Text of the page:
THE WEEPING EMPRESS by Sadie S. Forsythe

theweepingempress300240“For some, death is an art,” a voice behind her said. “For others, it is merely an inevitability.”

Gee, this was an interesting book. Actually, more than interesting.

Did you ever have one of those days, or periods of days, where what you really wanted to be doing was slashing a honking big sword at everybody and everything that annoyed you, and then say to yourself, ‘Well, they needed killing.’ Yeah. Me, too. Well, here’s your chance to do that vicariously through Chiyo Alglaeca, a perfectly normal young mommie with a nice husband and a darling 3 year old child, who wakes up one bright morning to find she has been mysteriously transported to another place, and another time.  Maybe even another dimension?

It seems sort of like feudal Japan, but maybe not exactly. We are never told exactly where, but there is a cruel Emperor who lives in a great castle high on a bluff, and the place is referred to as the kingdom.

Anyway, she is right in the middle of a group of conscripts being taken in lieu of money to work in some function of the Emperor. (I forget exactly. If I had a penchant for detail, I could get a real job.) Upon seeing a frail elderly woman being cruelly treated then killed for not moving fast enough, Mz. Chiyo goes into action, and well, the game is on.

Without knowing diddly squat about sword fighting, she picks one up and starts flailing away, to the amusement and interest of a couple of rebel types who have come to disrupt the human caravan, and thus provoke the Emperior, which they have being doing for years. They agree to help the group escape by taking them far away to a river border to a place they will be safe. More swordplay, more slashing and flailing, which certainly gets their attention.

The three become companions, and the two guys, Muhjah and Senka, begin to teach her how to properly handle the sword. She works hard at learning

Abeunt studia in mores (‘zealously pursued practices pass into habit)

and eventually becomes an excellent warrior in her own right, and she and her two companions do a Robin Hood/Bonnie and Clyde and Clyde throughout the countryside, wrecking havoc against the forces of the Emperor.
And if all this weren’t paranormal enough for you, we now introduce you to Kali, the Goddess. She had been worshipped by the animals and humans since time immemorial, but times have changed, and the humans have drifted away from her. She promises to send her Arm to free her people. And it soon becomes apparent that Chiyo is thought to be that Arm of the Goddess, and is becoming revered throughout the land, as tales of her powers and that of her two companions, begin to spread.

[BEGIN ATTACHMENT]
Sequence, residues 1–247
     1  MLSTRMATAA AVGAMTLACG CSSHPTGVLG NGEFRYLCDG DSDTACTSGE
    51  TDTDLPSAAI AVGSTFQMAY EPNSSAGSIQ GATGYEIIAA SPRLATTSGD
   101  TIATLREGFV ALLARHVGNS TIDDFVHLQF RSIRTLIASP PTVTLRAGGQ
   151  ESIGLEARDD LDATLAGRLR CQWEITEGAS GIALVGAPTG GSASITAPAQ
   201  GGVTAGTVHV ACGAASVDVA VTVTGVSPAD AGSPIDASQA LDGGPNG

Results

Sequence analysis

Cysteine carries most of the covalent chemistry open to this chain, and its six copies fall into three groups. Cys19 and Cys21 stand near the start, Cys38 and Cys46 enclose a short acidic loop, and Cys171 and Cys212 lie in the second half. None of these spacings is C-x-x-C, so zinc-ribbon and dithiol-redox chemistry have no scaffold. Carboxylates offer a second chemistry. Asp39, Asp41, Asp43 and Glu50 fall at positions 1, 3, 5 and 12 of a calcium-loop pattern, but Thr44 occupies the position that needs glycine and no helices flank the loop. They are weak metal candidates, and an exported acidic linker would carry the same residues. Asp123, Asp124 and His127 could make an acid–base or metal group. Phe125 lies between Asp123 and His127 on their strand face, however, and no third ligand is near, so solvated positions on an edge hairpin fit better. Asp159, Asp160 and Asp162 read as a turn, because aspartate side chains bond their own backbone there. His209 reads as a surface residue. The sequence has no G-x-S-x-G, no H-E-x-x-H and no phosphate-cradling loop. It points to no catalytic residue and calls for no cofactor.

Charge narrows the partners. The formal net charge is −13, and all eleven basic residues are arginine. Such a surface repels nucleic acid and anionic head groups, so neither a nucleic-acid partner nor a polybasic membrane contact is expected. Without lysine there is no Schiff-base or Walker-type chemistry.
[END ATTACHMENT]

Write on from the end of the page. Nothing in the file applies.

What happens to her family back in the Now? Does she finally wake up and say, “Gee, that nightmare really sucked!” And find that all those years were only but a few moments in time in her real life? You all should know better by now to expect me to tell you.

You know how so many sci fi, apocalypse and dystopian stories are about how we humans are destroying our resources and our planet, and how that theme, serious as it is and true, sort of gets tedious after about the 70th book? Well, this is the same, in disguise, and it isn’t until after you close the book and think back on the story that you realize that it is a parable. Kali the Goddess is the Earth, and her devotees and followers who have rather abandoned her are, well, US. And how we are always looking for a savior to get us out of this mess.

Wonderful read, filled with Latin quotes, and lyrical writing. And a real kick-ass female warrior. So get your bad self on, grab a sword, and swing away!

Forsan et haec olim meminisse juvabit (Perhaps this, too, will be a pleasure to look back on one day).






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